Foot and Ankle Stability Routine

Quick and easy ways to get better balance, stability and improved athletic performance.

A majority of our waking hours include being on our feet. Whether it’s walking, running, exercising, or even just standing in place, we spend a lot of time on our feet. When we talk about overall balance and stability, the foot/ankle complex plays a large role in making sure we don’t fall over. With over 70 muscles, bones, and joints in each foot and ankle, it is imperative that we incorporate isolated training protocols to ensure our feet are working optimally and efficiently. Throughout this article, I will be highlighting key components of a foot and ankle routine that should be incorporated on a daily basis. These include increasing sensory reception of our feet and increasing intrinsic muscle activation.

Sensory Reception 

Whether you know it or not, your feet are always adapting and adjusting to the environment around you. Thousands of small adjustments are being made at all times to maintain your balance, and this is done in part by small receptors throughout your foot that send these signals to the brain. This is why it is imperative to continually stimulate your feet to ensure they are always ready to adapt. A quick and easy way to do this on a daily basis is to simply roll out the bottom of your foot with some type of ball. Rolling your foot with a golf ball, tennis ball, or even a baseball, will help to increase the sensory reception throughout the bottom of your foot, which will allow for improved balance and stability throughout the day.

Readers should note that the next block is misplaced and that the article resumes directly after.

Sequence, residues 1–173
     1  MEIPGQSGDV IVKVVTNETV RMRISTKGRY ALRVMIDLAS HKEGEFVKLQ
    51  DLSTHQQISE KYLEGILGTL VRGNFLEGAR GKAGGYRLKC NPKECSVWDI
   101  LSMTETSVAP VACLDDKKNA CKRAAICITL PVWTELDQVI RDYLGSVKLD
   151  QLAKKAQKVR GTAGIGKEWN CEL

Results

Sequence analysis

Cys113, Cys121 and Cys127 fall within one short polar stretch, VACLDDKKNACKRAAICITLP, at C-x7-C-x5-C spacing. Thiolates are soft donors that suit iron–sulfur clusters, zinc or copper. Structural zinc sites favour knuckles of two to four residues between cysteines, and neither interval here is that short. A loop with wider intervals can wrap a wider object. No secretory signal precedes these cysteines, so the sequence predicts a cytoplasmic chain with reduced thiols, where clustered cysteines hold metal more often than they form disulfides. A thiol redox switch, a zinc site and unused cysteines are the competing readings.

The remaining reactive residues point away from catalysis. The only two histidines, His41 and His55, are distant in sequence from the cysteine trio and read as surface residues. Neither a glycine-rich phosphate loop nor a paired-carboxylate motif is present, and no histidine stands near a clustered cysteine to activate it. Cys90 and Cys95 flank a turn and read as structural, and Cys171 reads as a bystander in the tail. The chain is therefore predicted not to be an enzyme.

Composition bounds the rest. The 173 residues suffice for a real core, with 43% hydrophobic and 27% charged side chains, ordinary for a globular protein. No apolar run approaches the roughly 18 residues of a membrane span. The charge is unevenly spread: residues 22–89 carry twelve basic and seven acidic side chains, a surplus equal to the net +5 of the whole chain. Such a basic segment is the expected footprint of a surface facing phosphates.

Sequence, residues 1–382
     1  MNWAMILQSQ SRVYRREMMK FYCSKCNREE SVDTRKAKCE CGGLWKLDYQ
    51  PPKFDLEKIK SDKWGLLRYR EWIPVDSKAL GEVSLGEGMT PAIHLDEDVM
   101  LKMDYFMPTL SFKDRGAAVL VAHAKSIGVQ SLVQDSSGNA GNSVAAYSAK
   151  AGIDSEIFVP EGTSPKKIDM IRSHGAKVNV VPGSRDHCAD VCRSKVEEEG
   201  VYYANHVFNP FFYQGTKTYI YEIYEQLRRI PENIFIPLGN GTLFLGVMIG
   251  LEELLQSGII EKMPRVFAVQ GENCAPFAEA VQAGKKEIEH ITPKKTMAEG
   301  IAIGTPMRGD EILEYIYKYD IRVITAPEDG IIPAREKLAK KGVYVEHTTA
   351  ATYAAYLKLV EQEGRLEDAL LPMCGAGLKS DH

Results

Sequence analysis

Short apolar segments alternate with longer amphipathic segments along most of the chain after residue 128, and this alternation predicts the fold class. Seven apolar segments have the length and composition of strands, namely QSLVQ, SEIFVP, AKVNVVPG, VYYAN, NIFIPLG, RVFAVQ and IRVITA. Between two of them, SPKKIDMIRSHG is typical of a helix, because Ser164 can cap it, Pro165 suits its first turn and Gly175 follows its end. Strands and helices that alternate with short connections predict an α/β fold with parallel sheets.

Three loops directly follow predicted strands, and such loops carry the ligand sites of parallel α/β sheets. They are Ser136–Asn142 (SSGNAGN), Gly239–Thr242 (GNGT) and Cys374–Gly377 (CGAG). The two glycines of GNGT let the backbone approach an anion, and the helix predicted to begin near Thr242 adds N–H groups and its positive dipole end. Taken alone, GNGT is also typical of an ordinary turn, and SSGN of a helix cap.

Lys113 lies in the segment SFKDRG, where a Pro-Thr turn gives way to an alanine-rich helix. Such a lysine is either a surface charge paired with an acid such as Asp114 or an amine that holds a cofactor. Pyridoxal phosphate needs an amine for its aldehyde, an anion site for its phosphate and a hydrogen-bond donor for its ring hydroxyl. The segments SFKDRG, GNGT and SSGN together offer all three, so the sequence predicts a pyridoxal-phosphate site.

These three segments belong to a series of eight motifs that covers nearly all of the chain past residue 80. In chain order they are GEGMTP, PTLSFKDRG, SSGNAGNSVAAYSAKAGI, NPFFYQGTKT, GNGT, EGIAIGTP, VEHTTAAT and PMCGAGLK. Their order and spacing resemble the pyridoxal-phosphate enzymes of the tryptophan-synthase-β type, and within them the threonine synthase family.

Intrinsic Muscle Activation

Now that you have increased the sensory reception of your foot, it’s important to promote activation of the small intrinsic foot muscles that will assist with stability. This can be done simply by doing daily single leg balance practice while barefoot. Standing on one leg is an easy way to really challenge your foot’s ability to adapt to changes, and being barefoot will make it that much more challenging. You should aim to perform 1-2 sets of single leg balance for as long as possible.

With just a few simple exercises completed on a consistent basis, you can improve the way your feet and ankles adapt to the surfaces around you. This can then lead to better balance, stability, and even improve your athletic performance.

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